TITLE: Live Forever (Part 1) updated 12/22/15
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Grandma didn’t say much, but she influenced many in my family to follow Christ by speaking Jesus with her life.
She loved to read the Bible and always had it next to her chair. During my unannounced visits to her home while growing up, I would sometimes catch her with her finger moving slowing over scripture, diligently absorbing the words.
As her eyesight started failing, she would sit on the back stairs in the morning and read her Bible because it was only with the bright natural sunlight that she was able to continue studying scripture. It is this mental picture of Grandma sitting on the stairs, engrossed in her Bible, that comes foremost to mind when I think of her.
I believe that God embedded His selfless, sacrificial Spirit in Grandma through her eager study of scripture.
It is difficult for me to think of someone else who loved to pray as much as Grandma did. It didn’t matter where she was. Even in a crowded public area, without hesitation or self-consciousness, her whole body would transform into a figure of deep reverence for God with eyes closed, head bowed, hands clasped, and shoulders tipped forward.
Grandpa had immigrated to Oahu, Hawai’i from Japan in 1918 to work as a farmer. Grandpa’s and Grandma’s families arranged their marriage in 1923 when Grandma was eighteen and Grandpa was twenty-three. Grandpa sailed from Hawai’i to Japan for the sole purpose of marrying Grandma and bringing her back with him to Hawai’i.
As a farmer’s wife, Grandma lived a hard life working in their banana, papaya, and taro farm alongside Grandpa while raising eight children, five girls and three boys, in a two-bedroom single wall farmhouse that Grandpa and his friends built. But she didn’t complain. She expressed gratitude for everything.
When Grandpa died in 1993, which was fourteen years before Grandma passed away, they had been married for seventy years. Grandpa, like Grandma, didn’t say much, but he lived a righteous life. Grandpa decided that Grandma and their seven children at that time (the eighth child would be born years later after the family moved to Kaneohe) would attend Kahaluu Methodist Church on the windward side of Oahu, Hawai’i. Their farm was next to the white one-room church. The entire family accepted Jesus as their Savior, lined up in a row, and Reverend Chinpei Goto baptized them.
My cousin Garret and I interviewed Grandma during a family gathering in her living room when she was ninety-five years old. I had prepared a list of questions to ask her and Garret videotaped the interview.
With knitted eyebrows she said, “Why do you want to film me?”
“I want to record your memories,” I replied.
At first, not wanting to draw attention to herself, she refused. But when I asked her questions about growing up in Japan and her war experience on Oahu, she started talking, especially about the December 7, 1941 Japanese warplanes. She pointed over her head, reliving the moment she saw the planes fly over her, “I knew they were Japanese planes. Reverend Goto came to our house and told us that the planes had attacked Pearl Harbor. We were afraid of the consequences of the attack.” My grandparents, mother and her siblings were not interned during the war. On my father’s side of the family, however, my grandparents, my father, and his seven siblings were interned at the Gila River War Relocation Center in Arizona.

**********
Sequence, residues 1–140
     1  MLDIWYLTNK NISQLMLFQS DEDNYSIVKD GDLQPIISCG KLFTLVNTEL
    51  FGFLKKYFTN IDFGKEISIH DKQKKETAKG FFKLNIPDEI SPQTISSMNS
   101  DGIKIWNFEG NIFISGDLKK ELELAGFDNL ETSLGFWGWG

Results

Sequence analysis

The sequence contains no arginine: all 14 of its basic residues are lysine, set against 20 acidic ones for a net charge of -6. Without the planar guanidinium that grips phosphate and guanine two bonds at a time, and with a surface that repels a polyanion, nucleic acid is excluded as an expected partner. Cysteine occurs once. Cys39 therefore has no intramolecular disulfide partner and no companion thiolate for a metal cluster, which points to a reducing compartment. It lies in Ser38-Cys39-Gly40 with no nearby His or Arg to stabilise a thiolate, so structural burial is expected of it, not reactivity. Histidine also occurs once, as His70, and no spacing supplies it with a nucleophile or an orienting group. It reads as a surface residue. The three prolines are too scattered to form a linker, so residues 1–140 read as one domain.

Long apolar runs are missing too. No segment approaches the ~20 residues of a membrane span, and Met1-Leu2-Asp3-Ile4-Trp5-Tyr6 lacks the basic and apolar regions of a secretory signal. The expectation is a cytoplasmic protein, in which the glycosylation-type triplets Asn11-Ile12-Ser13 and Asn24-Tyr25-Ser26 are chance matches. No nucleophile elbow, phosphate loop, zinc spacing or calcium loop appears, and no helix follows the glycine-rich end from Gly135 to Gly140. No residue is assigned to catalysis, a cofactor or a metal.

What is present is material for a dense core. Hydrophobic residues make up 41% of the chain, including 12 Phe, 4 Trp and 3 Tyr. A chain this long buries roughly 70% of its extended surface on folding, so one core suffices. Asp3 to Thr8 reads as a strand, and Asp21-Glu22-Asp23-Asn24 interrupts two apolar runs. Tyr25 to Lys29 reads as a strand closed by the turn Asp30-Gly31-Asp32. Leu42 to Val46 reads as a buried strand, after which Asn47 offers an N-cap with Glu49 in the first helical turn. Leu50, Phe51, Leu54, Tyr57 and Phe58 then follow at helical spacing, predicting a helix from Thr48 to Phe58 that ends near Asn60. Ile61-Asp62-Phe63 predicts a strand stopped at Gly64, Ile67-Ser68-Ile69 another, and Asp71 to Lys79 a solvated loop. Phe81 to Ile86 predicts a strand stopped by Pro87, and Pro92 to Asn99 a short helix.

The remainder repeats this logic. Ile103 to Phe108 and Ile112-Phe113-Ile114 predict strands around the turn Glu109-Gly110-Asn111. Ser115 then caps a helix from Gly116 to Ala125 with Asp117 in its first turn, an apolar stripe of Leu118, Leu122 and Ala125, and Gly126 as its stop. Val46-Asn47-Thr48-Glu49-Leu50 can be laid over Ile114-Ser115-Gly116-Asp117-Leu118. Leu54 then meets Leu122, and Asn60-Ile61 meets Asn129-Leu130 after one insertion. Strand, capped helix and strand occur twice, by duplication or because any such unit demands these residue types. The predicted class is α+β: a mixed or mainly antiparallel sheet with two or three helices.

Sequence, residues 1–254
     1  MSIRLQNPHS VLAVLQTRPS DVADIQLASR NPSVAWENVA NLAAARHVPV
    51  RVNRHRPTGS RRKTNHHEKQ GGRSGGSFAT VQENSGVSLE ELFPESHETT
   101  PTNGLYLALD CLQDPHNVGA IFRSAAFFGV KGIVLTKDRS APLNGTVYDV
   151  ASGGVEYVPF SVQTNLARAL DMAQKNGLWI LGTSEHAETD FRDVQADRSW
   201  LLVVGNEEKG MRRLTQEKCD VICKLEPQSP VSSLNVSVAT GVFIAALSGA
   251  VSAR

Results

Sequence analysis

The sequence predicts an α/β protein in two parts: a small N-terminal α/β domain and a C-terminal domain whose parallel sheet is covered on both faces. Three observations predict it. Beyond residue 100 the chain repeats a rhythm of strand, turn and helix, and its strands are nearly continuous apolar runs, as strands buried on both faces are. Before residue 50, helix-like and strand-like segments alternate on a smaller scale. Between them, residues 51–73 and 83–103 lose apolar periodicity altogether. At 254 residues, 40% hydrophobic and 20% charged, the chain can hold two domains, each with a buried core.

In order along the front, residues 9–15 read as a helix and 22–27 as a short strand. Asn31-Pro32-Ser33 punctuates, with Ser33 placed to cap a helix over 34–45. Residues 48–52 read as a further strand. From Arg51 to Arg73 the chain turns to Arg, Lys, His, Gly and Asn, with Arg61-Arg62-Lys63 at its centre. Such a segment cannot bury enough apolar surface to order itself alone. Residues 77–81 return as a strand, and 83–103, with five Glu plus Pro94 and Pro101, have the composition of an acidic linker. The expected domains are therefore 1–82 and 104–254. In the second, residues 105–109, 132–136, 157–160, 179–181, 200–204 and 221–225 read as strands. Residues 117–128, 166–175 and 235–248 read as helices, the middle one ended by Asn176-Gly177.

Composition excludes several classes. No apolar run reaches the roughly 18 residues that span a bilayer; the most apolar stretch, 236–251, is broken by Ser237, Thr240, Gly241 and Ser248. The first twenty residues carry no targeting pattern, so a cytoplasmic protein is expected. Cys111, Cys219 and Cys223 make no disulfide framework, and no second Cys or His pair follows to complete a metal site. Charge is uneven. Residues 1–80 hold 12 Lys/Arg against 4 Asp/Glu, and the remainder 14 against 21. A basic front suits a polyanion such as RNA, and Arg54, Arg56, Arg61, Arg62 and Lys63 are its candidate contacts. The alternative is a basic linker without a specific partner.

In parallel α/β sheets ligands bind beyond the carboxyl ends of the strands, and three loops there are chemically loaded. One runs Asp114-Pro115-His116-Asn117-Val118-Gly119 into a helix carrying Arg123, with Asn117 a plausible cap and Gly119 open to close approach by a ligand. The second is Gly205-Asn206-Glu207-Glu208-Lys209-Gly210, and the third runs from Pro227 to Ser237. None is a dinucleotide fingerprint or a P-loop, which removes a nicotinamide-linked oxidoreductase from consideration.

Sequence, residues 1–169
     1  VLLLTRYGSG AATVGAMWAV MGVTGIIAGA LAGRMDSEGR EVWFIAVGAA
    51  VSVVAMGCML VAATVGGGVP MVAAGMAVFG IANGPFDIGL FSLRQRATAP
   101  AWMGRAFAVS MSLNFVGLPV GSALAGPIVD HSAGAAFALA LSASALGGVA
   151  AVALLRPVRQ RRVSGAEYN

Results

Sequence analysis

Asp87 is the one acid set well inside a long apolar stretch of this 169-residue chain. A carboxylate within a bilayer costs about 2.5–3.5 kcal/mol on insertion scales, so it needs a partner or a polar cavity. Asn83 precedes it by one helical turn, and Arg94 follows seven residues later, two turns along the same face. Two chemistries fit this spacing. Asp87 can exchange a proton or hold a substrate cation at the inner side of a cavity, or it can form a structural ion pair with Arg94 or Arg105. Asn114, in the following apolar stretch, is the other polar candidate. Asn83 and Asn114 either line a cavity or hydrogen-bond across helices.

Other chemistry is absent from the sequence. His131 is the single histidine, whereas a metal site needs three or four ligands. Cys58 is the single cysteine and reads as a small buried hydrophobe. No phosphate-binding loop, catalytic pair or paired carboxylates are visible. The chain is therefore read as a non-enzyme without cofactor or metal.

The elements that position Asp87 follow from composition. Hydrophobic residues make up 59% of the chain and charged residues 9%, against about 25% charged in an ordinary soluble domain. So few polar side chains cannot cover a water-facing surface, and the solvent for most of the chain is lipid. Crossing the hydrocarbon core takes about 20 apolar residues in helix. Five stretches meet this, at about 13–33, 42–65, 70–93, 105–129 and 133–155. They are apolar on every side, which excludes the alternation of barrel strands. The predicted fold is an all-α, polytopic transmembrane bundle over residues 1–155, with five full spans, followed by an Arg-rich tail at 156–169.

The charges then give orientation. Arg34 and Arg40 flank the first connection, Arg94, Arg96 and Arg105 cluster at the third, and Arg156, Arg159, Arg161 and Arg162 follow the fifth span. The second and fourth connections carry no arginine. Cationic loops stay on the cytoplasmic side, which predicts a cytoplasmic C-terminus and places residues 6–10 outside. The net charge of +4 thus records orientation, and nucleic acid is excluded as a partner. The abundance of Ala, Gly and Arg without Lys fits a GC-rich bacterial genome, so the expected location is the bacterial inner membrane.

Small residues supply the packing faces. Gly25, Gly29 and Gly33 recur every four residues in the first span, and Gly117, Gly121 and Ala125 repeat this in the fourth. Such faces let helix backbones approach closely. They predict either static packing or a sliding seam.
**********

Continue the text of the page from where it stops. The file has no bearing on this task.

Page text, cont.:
Another question I asked her was, “When did you fall in love with Grandpa?” She replied, “After the fifth child.” I stopped the video, stunned by her selfless statement. Grandma’s frank answer was a mirror held up to my heart. Immediately, I knew that I needed to change from a grumbler into a woman like Grandma or Mary, mother of Jesus. When the angel Gabriel told Mary that she would be impregnated by the Holy Spirit and give birth to Jesus, she responded, “May your word to me be fulfilled”(Luke 1:38). Grandma and Mary submitted to God’s plan for them.
My four aunts and mother, who were sitting next to Grandma and heard her say, “After the fifth child,” provided a logical reason for her answer. They agreed, “That makes sense because she had four girls first, but Grandpa wanted a boy.” Grandma had held on to and taught me Japanese customs like humbly giving gifts to others and keeping a fresh flower arrangement in the house. It was probably because she clung to old Japanese customs and beliefs that she must have felt ‘worthy to love and be loved’ when she gave birth to the long-awaited boy.
Grandma was bedbound at home from age 101. My aunt, mother, and I continuously cared for her. She was sad when she realized that she would be confined to a bed. While sighing Grandma would say, “I’m a burden.” But I encouraged her by responding, “Just enjoy your meals and rest.”
When I played Japanese folk music for her, she would dance in bed by waving her arms around, and she was full of smiles and perky when people visited her.
She didn’t remember any family member’s name except mine because we played the “What’s my name?” game. If she said my name, “Suji” (My nickname is Suzie, but she would say Suji because of her Japanese accent), I would give her ice cream, which she loved. So she knew that when she said “Suji” she would get ice cream. “Yay, Grandma,” I would cheer, then feed her a scoop of ice cream. She would wiggle her toes when she ate ice cream. But the best part of our daily time together was seeing the contented look on her face when we prayed together.
During the summer of 2007, I noticed that Grandma didn’t break into her usual smile when I teased her. I recognized that she was peacefully fading from this world.
Leaning close to her, I asked, “Can you see Jesus?”
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